The Rise of ‘Money Dysmorphia’ Among Younger Generations: A Growing Concern


A concerning trend is emerging among younger generations, characterized by an unhealthy preoccupation with money and finances, leading to what experts are terming as “money dysmorphia.” This condition, akin to body dysmorphia but focused on financial insecurities, can have profound effects on individuals’ financial decisions and overall well-being.

Understanding Money Dysmorphia

Money dysmorphia, also known as money disorder, refers to a state of insecurity and distress regarding one’s financial situation, regardless of its stability. This phenomenon is particularly prevalent among younger demographics, who often compare themselves with peers on social media, exacerbating feelings of inadequacy and financial anxiety.

According to Mr. Garett Lim, head of partnerships in Asia at SIX Financial Information, there is an urgent need to educate young people about debt and financial literacy. With social media exerting immense pressure to keep up with unrealistic standards of living, understanding the true implications of debt is crucial for financial well-being.

Impact on Mental Health

A study by Credit Karma revealed that 29 percent of Americans experience money dysmorphia, with Gen Zers and millennials being disproportionately affected, at 43 percent and 41 percent respectively. While not yet clinically recognized, money dysmorphia significantly impacts individuals’ mental health.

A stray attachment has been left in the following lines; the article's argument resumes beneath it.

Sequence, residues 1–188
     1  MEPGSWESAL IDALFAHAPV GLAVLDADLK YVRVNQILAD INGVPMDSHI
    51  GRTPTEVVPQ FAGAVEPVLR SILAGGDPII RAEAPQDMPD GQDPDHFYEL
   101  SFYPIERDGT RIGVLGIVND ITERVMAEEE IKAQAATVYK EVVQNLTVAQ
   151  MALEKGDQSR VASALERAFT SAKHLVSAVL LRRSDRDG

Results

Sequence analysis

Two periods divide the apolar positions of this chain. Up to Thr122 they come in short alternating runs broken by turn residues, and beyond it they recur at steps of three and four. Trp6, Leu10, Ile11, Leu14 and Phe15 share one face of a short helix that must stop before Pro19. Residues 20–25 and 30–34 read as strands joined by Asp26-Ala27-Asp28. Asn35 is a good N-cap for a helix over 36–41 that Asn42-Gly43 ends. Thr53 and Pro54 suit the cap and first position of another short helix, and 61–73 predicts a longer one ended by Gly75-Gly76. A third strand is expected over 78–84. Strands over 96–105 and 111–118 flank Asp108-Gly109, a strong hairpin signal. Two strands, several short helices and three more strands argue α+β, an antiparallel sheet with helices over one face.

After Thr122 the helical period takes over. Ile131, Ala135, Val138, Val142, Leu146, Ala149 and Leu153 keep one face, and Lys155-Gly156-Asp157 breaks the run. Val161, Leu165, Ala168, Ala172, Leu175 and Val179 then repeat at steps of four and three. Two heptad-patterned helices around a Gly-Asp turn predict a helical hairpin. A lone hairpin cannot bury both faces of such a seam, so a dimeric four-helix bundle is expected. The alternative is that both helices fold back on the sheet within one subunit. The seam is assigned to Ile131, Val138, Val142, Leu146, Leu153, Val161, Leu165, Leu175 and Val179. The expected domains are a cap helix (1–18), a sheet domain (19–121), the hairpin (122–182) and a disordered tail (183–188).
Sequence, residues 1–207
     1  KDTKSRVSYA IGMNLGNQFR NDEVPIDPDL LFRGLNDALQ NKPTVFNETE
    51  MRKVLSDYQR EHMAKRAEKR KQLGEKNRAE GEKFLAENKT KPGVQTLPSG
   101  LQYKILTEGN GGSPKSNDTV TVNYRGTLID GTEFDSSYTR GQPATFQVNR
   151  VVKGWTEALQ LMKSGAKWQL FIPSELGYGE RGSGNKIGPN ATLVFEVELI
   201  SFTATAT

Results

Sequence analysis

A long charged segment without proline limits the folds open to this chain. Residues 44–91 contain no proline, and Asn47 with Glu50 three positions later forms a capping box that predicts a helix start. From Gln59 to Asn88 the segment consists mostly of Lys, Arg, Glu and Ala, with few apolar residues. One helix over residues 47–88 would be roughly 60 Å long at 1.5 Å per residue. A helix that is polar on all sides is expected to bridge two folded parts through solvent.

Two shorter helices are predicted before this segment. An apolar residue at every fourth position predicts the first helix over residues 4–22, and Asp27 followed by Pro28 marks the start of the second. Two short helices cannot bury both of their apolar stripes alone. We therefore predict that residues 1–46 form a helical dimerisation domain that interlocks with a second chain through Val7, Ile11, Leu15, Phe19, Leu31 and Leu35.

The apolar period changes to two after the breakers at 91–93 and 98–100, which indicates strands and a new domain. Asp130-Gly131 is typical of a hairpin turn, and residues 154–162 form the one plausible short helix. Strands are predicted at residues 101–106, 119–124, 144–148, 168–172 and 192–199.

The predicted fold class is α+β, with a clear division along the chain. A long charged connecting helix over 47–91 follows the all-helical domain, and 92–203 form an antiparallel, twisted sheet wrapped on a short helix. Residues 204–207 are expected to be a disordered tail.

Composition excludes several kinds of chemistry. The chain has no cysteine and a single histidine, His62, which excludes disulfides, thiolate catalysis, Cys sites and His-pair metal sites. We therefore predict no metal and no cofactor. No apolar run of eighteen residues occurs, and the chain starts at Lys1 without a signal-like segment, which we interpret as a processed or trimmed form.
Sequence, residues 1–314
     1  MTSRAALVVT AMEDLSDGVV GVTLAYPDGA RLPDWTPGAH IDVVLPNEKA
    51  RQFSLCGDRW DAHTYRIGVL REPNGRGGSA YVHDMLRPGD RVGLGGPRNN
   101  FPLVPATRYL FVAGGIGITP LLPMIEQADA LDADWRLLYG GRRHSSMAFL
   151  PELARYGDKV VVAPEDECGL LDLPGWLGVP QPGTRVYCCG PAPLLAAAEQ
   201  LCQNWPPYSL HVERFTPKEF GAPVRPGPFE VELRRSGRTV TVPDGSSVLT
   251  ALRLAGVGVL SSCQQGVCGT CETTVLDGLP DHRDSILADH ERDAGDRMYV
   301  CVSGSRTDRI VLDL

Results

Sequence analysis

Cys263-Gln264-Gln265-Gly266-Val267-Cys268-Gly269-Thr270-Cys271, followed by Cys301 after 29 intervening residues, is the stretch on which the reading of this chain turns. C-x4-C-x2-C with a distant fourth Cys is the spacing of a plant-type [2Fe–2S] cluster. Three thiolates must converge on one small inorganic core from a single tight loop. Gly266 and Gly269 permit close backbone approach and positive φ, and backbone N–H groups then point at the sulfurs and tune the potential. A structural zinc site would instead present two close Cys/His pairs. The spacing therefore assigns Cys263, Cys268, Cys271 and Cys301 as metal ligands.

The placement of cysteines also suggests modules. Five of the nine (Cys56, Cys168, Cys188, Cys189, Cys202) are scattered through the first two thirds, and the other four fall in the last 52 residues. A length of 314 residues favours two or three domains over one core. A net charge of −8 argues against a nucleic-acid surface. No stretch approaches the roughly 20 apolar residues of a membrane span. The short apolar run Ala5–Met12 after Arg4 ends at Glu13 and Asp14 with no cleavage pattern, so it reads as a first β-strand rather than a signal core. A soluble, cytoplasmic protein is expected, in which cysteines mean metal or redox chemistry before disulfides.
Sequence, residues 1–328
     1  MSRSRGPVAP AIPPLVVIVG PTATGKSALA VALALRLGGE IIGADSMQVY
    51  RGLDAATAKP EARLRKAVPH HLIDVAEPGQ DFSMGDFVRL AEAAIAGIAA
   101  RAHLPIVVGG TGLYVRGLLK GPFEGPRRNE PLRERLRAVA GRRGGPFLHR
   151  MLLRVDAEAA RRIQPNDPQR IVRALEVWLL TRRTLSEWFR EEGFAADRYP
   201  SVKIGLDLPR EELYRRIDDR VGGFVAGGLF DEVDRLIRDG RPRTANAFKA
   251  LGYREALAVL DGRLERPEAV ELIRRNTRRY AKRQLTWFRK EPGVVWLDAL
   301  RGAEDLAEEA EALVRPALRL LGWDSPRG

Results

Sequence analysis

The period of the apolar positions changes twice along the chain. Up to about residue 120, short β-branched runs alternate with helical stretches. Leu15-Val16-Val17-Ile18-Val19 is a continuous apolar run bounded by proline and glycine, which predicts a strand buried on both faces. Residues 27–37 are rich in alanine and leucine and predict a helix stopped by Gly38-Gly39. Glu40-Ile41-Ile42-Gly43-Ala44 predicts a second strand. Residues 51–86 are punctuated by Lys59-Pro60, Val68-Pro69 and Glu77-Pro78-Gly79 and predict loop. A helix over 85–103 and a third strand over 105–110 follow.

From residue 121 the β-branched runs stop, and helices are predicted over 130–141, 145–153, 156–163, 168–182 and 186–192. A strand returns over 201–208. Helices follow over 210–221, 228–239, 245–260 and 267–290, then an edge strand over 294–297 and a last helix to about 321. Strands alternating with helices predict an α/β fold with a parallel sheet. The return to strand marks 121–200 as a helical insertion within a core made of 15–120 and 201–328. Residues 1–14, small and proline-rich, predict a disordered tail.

Sufferers often perceive themselves as financially unstable, experiencing constant anxiety about money despite having financial stability. This distorted perception leads to unhealthy financial behaviors, such as excessive guilt over spending or avoidance of essential expenses.

Factors Contributing to Money Dysmorphia

The causes of money dysmorphia are multifaceted, influenced by a combination of factors including childhood experiences of financial vulnerability, family attitudes toward money, and societal messages equating wealth with success and happiness. Unrealistic displays of wealth on social media further perpetuate feelings of inadequacy and comparison.

Overcoming Money Dysmorphia

While the challenges posed by money dysmorphia are significant, they can be addressed through developing a healthier relationship with finances. Financial experts recommend challenging negative beliefs about money, setting realistic goals, and tracking income and expenses to gain a clear understanding of one’s financial situation.

Setting aside a portion of income for savings, ideally 20 to 30 percent, is advised as a prudent financial practice. Seeking guidance from licensed financial professionals can also provide tailored strategies for navigating financial anxiety and planning for the future.


As the prevalence of money dysmorphia continues to rise, addressing the root causes and promoting financial literacy are essential steps in mitigating its impact. By fostering a culture of financial responsibility and providing support for those struggling with financial insecurities, society can work towards alleviating the burden of money dysmorphia and promoting holistic well-being for all individuals.

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